Journal of Clinical Images and Medical Case Reports

ISSN 2766-7820
Short Report - Open Access, Volume 3

Aetiology in a female bronchiectasis patient presenting with shortness of breath

Shahina Akter, MD 1 *; Md Shahadath Hossain Towfikee 2 ; Tanjina Akhtar Banu 1 ; Md. Murshed Hasan Sarkar 1 ; Barna Goswami 1 ; Ahashan Habib 1 ; Salim Khan 1 , Khan Md Sayeduzzaman 3

1 Bangladesh Council of Scientific and Industrial Research, Dhaka, Bangladesh.

2 Saabiq Agro, Dhaka, Bangladesh.

3 United Hospital, Dhaka, Bangladesh.

*Corresponding Author: Shahina Akter
Principal Scientific Officer, Genomics Research Laboratory, Bangladesh Council of Scientific and Industrial Research, Dhaka, Bangladesh.
Email: [email protected]

Received : Feb 10, 2022

Accepted : May 04, 2022

Published : May 11, 2022

Archived :

Copyright : © Akter S (2022).

Citation: Akter S, Towfikee SH, Banu TA, Sarkar MH, Goswami B, et al. Aetiology in a female bronchiectasis patient presenting with shortness of breath. J Clin Images Med Case Rep. 2022; 3(5): 1828.

Case background

The patient is 42 years of age, female presenting to the COPD department with acute pneumonia and shortness of breath. She had a history of granulomatous tubular formation (tuberculosis) in the lungs 10 years back. Then she has admitted in a hospital. After CT scan of the chest with contrast, the impression was, suggestive of bilateral pulmonary inflammatory lesions and left sided pleural effusion with thickening. Due to pleural effusion, thoracentesis has been performed to remove the fluid.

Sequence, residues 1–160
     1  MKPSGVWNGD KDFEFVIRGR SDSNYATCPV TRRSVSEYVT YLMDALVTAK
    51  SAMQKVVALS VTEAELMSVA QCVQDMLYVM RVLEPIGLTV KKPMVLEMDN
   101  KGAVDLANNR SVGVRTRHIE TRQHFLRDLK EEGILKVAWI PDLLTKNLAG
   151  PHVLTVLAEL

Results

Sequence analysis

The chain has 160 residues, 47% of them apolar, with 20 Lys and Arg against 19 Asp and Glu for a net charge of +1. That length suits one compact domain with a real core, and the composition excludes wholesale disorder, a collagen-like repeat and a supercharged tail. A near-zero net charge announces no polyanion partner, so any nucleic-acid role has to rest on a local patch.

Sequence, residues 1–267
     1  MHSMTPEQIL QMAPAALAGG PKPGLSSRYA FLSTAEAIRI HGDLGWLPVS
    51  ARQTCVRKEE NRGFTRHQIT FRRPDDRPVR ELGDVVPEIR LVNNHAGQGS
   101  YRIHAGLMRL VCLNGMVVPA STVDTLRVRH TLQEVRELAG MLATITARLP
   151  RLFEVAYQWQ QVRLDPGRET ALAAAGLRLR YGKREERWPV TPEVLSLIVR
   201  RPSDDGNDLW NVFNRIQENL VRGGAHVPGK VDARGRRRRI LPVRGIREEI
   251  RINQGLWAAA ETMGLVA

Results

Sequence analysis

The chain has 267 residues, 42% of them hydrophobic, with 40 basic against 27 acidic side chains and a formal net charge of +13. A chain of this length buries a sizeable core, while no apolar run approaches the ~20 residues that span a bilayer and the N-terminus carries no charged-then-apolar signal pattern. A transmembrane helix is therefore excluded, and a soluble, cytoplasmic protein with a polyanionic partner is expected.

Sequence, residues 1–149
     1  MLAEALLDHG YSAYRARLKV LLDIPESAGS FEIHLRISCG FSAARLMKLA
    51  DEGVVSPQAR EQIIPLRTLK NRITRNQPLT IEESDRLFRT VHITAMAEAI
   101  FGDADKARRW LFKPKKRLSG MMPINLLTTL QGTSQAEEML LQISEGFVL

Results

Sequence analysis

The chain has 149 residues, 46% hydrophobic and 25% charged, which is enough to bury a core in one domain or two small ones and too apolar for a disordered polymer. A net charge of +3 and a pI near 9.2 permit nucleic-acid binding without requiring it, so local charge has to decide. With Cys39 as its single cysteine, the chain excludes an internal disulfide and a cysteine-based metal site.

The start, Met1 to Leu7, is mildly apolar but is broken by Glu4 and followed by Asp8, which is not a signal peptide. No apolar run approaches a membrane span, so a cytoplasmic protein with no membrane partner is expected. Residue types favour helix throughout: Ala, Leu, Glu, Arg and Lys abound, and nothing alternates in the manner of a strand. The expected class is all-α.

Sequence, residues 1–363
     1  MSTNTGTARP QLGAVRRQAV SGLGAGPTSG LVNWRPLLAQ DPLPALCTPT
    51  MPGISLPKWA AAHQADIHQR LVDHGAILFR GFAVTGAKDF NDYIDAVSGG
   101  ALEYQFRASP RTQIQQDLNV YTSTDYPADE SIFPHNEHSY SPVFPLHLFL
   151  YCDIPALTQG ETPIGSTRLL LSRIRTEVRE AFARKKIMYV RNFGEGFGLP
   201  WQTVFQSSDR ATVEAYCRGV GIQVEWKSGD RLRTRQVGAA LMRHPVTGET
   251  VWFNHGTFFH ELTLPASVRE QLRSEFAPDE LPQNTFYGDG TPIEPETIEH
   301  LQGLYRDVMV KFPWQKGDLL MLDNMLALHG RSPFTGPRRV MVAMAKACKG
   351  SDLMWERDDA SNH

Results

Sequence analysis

She reports excess sputum production but could not be managed to expectorate the sputum, chills, cough, chest pain, palpitations, fatigue, and in extreme conditions fever. Sometimes she felt severe weakness and sleepy. Her main problem is she reports difficulty breathing (shortness of breath) especially while speaking. At present she has experienced bleeding about 10-15 ml.

There are no known ill contacts at home. Her family history includes significant brain stroke disease and her father had shortness of breathing and her grandmother had sputum problem including sinusitis. She denies all smoking, alcohol and illegal drug use. There are no known foods, drugs, or environmental allergies.

Past medical history is significant for dyspepsia, sinusitis, COPD. Two times ruptured ectopic pregnancy and past surgical history of caesarean section (C-section) six years back. This study aimed to analyze the clinical records of the female with recurrent pneumonia in an attempt to identify factors that may lead to bronchiectasis (BE).